- Release the tank pressure.
- Disconnect the electrical connections and fuel lines to the sending unit.
- Clean around the plug, so no contaminants can get in the tank.
- Remove the retaining ring.
- Pull out the fuel sending unit with the O-ring or gasket.
- Compare this unit with the new one to ensure it is a direct replacement.
- Place the new unit in its place with a brand-new O-ring or gasket.
- Align the gasket securely between the tank and the fuel sending unit.
- Reconnect all of the wiring.
- Snap the fuel lines in place.
- Check for leaks.
If you plan to do this work alone, keep a fire extinguisher close by. Don’t work near anything that creates a spark and make sure you wear protective gear. If working on the fuel system worries you, it may be best to hire a professional mechanic. As professionals ourselves, we know how difficult this job can be on some vehicles.
How Much Does It Cost To Replace A Fuel Gauge Sender?
Replacing the fuel gauge sender costs $800 to $1,200, on average. The new fuel sending unit may only cost $125 to $250, but the labor makes up the majority of the cost because the replacement takes time. If you can perform the job yourself, you will save a lot of money.
It’s not that the replacement is overly difficult if you have the right tools. It just takes time, so you want to allot a day to complete the job yourself.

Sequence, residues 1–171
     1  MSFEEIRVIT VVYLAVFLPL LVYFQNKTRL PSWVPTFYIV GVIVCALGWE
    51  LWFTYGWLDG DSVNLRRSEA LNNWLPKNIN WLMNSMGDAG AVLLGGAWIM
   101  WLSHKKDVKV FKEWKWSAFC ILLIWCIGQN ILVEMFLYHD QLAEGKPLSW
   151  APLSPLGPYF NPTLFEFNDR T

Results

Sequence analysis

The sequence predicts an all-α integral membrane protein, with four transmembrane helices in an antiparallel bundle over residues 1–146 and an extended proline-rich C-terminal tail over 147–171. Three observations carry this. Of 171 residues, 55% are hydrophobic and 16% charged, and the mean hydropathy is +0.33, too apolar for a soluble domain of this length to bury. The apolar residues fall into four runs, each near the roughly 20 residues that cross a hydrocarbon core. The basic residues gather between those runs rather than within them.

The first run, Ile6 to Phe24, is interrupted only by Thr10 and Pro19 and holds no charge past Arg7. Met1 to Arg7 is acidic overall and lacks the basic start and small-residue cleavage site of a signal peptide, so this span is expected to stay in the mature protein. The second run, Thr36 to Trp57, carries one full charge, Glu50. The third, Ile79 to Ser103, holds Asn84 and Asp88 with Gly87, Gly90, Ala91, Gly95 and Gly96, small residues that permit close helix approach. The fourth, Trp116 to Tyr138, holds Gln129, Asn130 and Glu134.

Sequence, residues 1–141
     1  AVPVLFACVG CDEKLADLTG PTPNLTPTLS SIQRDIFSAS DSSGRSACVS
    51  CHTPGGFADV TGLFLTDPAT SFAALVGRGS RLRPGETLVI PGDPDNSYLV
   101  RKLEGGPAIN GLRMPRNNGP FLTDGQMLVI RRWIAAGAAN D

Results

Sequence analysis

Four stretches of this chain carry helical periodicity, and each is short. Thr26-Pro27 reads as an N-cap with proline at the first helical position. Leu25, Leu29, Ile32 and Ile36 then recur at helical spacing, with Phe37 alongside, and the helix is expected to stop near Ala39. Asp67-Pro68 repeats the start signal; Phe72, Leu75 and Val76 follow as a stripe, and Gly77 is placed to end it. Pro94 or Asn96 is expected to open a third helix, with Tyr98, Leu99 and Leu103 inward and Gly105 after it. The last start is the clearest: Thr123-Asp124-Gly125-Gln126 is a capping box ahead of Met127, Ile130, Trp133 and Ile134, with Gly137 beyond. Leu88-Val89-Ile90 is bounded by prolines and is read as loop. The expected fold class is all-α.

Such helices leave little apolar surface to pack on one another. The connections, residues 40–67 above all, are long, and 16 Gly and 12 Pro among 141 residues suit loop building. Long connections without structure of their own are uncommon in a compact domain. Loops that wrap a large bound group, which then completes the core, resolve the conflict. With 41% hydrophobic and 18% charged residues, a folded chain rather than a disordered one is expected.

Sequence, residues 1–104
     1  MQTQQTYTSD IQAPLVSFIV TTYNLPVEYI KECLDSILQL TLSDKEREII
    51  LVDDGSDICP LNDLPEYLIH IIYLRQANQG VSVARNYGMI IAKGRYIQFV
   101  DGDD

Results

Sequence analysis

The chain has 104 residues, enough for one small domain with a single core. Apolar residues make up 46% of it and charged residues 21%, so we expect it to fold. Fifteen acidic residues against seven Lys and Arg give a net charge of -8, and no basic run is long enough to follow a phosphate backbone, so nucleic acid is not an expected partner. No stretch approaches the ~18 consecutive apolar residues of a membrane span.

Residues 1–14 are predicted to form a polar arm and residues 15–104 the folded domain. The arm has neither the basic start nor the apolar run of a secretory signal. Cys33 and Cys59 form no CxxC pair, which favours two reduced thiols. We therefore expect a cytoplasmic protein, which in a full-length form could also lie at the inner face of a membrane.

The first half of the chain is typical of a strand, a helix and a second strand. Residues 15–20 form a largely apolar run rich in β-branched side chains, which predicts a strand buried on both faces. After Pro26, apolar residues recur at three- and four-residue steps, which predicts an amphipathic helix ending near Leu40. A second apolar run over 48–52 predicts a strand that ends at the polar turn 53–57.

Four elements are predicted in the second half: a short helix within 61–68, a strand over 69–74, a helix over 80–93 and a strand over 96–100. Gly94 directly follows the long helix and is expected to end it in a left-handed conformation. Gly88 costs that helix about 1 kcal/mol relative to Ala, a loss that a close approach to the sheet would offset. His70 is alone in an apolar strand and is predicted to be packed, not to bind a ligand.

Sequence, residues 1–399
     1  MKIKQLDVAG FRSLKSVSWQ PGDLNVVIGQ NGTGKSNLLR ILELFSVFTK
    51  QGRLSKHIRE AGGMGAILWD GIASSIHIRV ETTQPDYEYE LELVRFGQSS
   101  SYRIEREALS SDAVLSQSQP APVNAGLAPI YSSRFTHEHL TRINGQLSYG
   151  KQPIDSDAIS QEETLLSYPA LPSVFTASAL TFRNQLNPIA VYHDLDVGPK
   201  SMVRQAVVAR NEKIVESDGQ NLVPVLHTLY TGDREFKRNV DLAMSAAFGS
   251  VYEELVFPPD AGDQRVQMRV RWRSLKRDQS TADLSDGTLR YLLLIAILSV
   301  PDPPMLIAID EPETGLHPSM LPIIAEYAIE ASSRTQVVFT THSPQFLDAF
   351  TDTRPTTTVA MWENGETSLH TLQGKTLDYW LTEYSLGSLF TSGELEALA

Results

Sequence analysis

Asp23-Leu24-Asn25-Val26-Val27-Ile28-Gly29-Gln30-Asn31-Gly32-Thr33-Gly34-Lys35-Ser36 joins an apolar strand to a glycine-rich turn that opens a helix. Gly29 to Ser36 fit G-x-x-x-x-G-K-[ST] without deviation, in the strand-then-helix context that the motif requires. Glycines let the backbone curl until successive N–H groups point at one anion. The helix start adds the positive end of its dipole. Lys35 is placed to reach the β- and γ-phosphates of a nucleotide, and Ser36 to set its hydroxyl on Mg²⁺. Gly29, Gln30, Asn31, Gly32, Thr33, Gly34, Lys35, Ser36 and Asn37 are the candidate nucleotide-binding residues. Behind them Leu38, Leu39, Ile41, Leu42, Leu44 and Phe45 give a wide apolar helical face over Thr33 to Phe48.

Will any fuel gauge work with any sending unit?
No, sending units aren’t calibrated equally. Many aftermarket gauge sensors aren’t going to work with OEM fuel gauges. For this reason, you want to ensure that your parts are meant to work together before you go through the trouble of replacing the sending unit.
Will a car run with a bad fuel sending unit?
Having a bad fuel sending unit won’t stop you from driving. The car continues to run as long as there is fuel in the tank. The difficult part is knowing how much fuel you have during this malfunction. If you keep track of the fuel in the tank manually, you may be able to drive for a short time without running out of gas.
How do I reset my fuel sending unit?
Follow the procedures in the service manual. It may tell you to turn on the ignition and press the trip or odometer button. Turn off the ignition and hold down the trip button for two seconds. Release it and press it again, repeating this process three or four times. Finally, hold it down until the information displays on the odometer.
What causes a fuel sender to fail?
The fuel gauge sender is meant to last the lifetime of the vehicle. However, bad or contaminated fuel can ruin the sensor, which is why it’s so important to choose top-tier fuel. Using low-quality additives can also cause the problem, creating premature failure of the sending unit.
Will disconnecting the battery reset the fuel gauge?
You may be able to reset the fuel gauge by disconnecting the battery for a short time. However, when the battery is disconnected, you have other issues to deal with. The radio presets, seat memory and other functions will also be reset.
While the fuel gauge sender is meant to last for the lifetime of the vehicle, it can fail, leaving you with many problems. By not knowing how much gas is in the car’s tank, you may find yourself sitting on the side of the road with an empty tank.
Avoid this problem by replacing the sending unit at the first sign of trouble. Visit a professional mechanic if you aren’t sure how to replace it.